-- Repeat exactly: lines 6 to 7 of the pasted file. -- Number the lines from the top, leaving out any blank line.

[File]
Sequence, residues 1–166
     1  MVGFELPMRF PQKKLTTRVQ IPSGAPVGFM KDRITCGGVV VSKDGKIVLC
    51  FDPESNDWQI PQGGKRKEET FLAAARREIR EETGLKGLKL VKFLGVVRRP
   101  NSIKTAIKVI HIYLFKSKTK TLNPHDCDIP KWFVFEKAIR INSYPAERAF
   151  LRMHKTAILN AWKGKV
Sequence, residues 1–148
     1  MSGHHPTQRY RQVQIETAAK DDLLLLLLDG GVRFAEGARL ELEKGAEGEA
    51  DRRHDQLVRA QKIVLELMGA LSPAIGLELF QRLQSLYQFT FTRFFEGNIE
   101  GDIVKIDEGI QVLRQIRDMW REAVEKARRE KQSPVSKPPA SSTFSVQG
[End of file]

Sequence, residues 1–148
     1  MSGHHPTQRY RQVQIETAAK DDLLLLLLDG GVRFAEGARL ELEKGAEGEA